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2010 Annual Science Report

University of Wisconsin Reporting  |  SEP 2009 – AUG 2010

EPO Activity: Project 6B: Astrobiology Night at the Ballpark

Project Progress

On Friday, June 4th the Wisconsin Astrobiology Research Consortium took to the Madison Mallards Ballpark to teach the public about astrobiology and NASA research. PI’s, grad students and post docs all pitched in to staff various outreach tables. A few researchers even donned “planetary body” costumes and became Europa, Titan, Mars and Earth to communicate about habitability in our Solar System. Over 5,550 baseball fans were in attendance that night.

As fans entered the park, volunteers passed out 1,000 sets of “Life in the Extremes” trading cards. [FIGURE 1 – welcome to the ballpark] Each pack contained nine cards, each of which featured a different extremophile group (e.g. halophiles, thermophiles, barophiles). In the spirit of baseball trading cards, the front of the card has a picture while the back has more detailed “stats” on the microbes.

After making it through the gates, visitors to the park that night had the chance to learn about our team’s work at four different areas staffed by WARC scientists and UW Geology Museum volunteers. * At the “It’s A Bird… It’s a Plane….” station, fans could learn about meteorites and their influence on our understanding of the age of the Earth and the composition of the Solar System. This station also capitalized on public excitement surrounding the April 14, 2010 meteor seen over southwestern Wisconsin with over 70 fragments recovered. * “The Original X-philes” highlighted extremophiles using a “How Extreme Are You?” challenge where people could taste the salinity of three different waters: tap water, ocean water, and hypersaline water. WARC graduate and undergraduate students and Co-I Eric Roden staffed this table. [FIGURE 2 – Co-I Eric Roden at the extremophile table] * Roaming the entrance area were members of the station “Home Sweet Home – Habitability in the Solar System”. Wearing planetary body costumes for Earth, Mars, Europa and Titan, these post-docs and graduate students chatted with the public about what makes a particular environment habitable, and where we’re looking for life in our Solar System. [FIGURE 3 – a kid talks with “Mars” about the possibility of life being found there] [FIGURE 4 – kids talk with “Earth” and compare it to the other costume planetary bodies at the ballpark that night] * “Time… is on my Mind” addressed radiometric dating and Earth’s oldest rocks including a large piece of Morton Gneiss, a 3.6 billion year old rock from Minnesota. WARC graduate students and collaborator Aaron Cavosie from the University of Puerto Rico worked here. [FIGURE 5 – WARC graduate student Jason Huberty talks about Earth’s oldest rocks and impact events] [FIGURE 6 – Collaborator Aaron Cavosie from the University of Puerto Rico at the Earth’s oldest rocks table]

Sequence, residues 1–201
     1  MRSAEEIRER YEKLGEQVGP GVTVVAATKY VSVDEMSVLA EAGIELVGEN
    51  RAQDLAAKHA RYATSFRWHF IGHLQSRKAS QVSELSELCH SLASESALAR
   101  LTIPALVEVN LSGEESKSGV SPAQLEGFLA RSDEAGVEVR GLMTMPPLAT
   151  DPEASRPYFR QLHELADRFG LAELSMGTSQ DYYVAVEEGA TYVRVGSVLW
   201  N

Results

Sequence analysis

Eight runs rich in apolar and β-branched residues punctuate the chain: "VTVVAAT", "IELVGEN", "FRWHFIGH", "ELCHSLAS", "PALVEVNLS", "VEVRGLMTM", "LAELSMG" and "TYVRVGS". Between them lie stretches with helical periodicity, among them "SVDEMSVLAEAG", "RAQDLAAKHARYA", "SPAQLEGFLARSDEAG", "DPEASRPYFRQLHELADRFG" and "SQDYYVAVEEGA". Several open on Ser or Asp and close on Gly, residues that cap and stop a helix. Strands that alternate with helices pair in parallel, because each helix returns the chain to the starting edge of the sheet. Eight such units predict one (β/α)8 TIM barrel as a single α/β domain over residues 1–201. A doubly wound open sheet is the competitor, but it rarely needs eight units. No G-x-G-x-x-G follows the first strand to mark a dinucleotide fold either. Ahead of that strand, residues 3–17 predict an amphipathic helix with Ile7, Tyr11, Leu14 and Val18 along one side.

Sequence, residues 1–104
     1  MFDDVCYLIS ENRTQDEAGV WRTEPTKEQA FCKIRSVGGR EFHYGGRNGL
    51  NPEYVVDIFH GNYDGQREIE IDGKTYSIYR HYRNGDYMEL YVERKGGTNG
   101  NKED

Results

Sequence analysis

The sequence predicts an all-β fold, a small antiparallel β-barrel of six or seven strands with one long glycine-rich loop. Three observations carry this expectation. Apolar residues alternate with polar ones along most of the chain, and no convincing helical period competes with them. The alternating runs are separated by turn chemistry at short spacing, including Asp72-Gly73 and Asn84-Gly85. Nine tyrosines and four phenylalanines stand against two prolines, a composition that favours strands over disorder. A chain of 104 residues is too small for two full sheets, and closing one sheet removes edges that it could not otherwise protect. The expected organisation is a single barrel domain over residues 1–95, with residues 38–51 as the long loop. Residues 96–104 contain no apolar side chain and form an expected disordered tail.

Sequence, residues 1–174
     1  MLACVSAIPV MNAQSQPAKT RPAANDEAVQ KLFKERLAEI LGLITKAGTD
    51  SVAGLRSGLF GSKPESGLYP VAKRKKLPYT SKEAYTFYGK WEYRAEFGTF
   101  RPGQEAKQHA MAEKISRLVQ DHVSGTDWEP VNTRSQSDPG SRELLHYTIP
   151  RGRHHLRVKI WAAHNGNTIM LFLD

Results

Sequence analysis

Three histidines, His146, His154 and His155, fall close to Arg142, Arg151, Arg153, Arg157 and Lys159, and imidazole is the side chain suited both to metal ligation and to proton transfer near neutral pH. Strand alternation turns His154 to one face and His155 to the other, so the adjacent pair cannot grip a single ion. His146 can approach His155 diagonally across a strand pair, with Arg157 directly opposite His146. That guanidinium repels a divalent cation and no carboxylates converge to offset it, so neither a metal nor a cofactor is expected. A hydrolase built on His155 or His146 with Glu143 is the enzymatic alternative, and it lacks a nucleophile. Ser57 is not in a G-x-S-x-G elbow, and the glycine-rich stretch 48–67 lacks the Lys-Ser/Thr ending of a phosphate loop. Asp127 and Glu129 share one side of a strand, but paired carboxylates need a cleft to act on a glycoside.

We invited another science outreach organization to join us this night at the ballpark. UW Space Place (University of Wisconsin’s space outreach facility) brought telescopes and did some stargazing with fans.

Once seated and before the game started, two NASA videos were played on the field’s video board. “Phoenix – A Tribute” and “Looking for Life in All the Right Places” were chosen to give context to the work that our researchers are doing. Incidentally, WARC Co-I Max Coleman is featured in “Looking for Life in All the Right Places.”

To kick off the game, WARC graduate students Liz Percak-Dennett and Jason Huberty threw out first pitches with the rest of the students and post-docs from the WARC team out at the mound with them. [FIGURE 7 – first pitcher with Storm Troopers]

During the third inning break, we had a habitability race where kids from the audience donned the Earth, Mars, Europa and Titan costumes to race the bases while the crowd cheered them on. The announcer introduced each child with brief habitability information about their respective planetary body.

As a final give-away for the night, green flying saucer frisbees with an astrobiology timeline on it were thrown into the stands by the WARC team. These had links to the NAI website as well as as places to go for more information about astrobiology.

After visiting our educational stations near the entrance to the ballpark, seventy-five people completed evaluation forms about their experience interacting with WARC personnel, learning about astrobiology. Responses follow:

“This event has helped me learn new things about the search for life in space.”
83 percent responded “agree” or “strongly agree”

“This event has made me want to learn more about the search for life in space.”
89 percent responded “agree” or “strongly agree”

“This event has increased my interest in science.”
82 percent responded “agree” or “strongly agree”